We found the next duet, Standing Birds (Maria Dabrowska) in the Origins Gallery. Surrounded by various ammonites, layers of evolutionary rock formations and skeletons of flying extinct creatures we squeeze in to find a comfy bit of floor. Anita Hunziker and Jeremy Poi perform another well-rehearsed and coherent duet and again, the dancers skilfully fit the dance into a confined space. Was their struggle for power and survival being likened to that of the Darwinian story that surrounded them? If so, then again in terms of theme the duet found a suitable site. 

Unfortunately we lost our way at this point and when we reached Oceans Gallery, Sarah Foster-Spraull’s Second Life was near the end. The part that I saw of Sarah Knox’s performance was captivating. It was quite a relief to find the quartet Apolymuse (Sarah Knox) in the same space.

By now the surroundings themselves were fast becoming a source of great fascination for me and so I imagine that the Museum curators were achieving their goal as I randomly took in the various exhibits. Sometimes the spaces seemed deliberately disconnected or perhaps convenient because of their provision of small square areas of parquet flooring. The dancers again adroitly performed in the confined space and Anita Hunziker handled her projection of deep sadness brilliantly in view of the closeness of the audience – it was quite infectious actually.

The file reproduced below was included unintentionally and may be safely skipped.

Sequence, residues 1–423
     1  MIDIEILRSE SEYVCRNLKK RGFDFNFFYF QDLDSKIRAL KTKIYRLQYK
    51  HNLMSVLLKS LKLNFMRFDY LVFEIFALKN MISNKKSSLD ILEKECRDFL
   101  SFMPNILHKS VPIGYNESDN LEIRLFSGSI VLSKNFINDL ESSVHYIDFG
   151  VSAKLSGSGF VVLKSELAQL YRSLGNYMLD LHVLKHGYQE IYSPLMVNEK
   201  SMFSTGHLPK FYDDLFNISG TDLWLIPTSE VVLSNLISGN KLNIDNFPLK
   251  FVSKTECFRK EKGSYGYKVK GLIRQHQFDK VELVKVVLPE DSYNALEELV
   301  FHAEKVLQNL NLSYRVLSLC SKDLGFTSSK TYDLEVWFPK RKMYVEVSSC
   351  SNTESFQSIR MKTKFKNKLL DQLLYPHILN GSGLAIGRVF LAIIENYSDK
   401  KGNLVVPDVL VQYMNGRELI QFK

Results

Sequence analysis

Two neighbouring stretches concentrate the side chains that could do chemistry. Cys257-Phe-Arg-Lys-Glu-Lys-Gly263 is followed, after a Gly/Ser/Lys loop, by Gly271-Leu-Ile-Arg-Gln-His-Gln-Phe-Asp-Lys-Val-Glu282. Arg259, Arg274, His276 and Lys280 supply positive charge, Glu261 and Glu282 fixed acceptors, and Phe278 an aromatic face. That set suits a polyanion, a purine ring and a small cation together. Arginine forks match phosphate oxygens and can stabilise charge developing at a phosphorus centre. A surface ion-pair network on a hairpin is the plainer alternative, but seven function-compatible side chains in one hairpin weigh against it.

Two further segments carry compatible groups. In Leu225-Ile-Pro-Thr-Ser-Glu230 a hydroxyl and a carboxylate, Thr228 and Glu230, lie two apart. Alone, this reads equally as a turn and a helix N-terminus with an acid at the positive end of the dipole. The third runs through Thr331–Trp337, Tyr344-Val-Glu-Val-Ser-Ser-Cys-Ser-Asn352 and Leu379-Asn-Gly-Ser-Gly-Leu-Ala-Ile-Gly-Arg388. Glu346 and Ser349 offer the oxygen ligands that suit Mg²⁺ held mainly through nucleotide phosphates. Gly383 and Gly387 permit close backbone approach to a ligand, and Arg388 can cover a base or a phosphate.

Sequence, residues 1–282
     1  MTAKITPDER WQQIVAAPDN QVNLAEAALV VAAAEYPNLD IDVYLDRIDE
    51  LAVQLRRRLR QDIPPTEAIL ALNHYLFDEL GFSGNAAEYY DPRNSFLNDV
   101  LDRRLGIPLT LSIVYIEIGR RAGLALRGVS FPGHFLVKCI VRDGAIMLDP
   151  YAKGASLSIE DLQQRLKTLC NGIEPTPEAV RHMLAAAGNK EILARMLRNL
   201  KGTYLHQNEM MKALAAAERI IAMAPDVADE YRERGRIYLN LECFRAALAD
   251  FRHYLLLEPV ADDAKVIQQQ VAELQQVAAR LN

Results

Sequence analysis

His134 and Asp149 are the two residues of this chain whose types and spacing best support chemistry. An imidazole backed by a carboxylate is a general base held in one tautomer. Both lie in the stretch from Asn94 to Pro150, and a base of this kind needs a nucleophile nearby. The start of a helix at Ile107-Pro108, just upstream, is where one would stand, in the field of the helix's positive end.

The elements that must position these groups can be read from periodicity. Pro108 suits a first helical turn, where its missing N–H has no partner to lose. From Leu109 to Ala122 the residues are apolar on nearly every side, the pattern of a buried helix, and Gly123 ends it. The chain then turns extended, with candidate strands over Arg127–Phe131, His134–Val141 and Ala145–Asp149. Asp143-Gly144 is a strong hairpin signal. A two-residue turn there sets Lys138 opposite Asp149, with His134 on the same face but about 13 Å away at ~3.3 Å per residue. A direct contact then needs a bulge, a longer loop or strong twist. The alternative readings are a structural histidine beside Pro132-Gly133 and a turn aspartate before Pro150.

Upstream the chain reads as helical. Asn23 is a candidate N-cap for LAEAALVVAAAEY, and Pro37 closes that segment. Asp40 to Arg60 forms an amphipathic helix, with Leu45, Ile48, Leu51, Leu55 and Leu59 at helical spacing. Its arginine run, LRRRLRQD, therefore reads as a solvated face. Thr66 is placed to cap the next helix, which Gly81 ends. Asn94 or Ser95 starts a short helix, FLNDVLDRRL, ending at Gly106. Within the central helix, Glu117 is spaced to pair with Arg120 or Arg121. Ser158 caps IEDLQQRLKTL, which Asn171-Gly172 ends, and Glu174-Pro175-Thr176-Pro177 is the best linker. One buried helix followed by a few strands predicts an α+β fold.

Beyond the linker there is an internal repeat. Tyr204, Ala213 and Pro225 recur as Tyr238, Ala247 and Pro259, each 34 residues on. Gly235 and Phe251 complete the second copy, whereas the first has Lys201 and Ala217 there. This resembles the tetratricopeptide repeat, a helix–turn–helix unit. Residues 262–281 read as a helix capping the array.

And so the safari continued and the intrepid three went in search of two more pieces in the Grand Foyer where a stage had been erected. Unfortunately we had to sit through half an hour of live music that, even though of highest quality, was not easy on the ear and it was by now quite late. The bloke next to me passed the time by pasting the event onto his Facebook page. So when Malia Johnston’s Whether I Wear You began it was most welcome and in exploring notions of “weathering and wearing, memory, [and] habit” it felt timely. Some clever use of a jacket and memorable images in an involving work.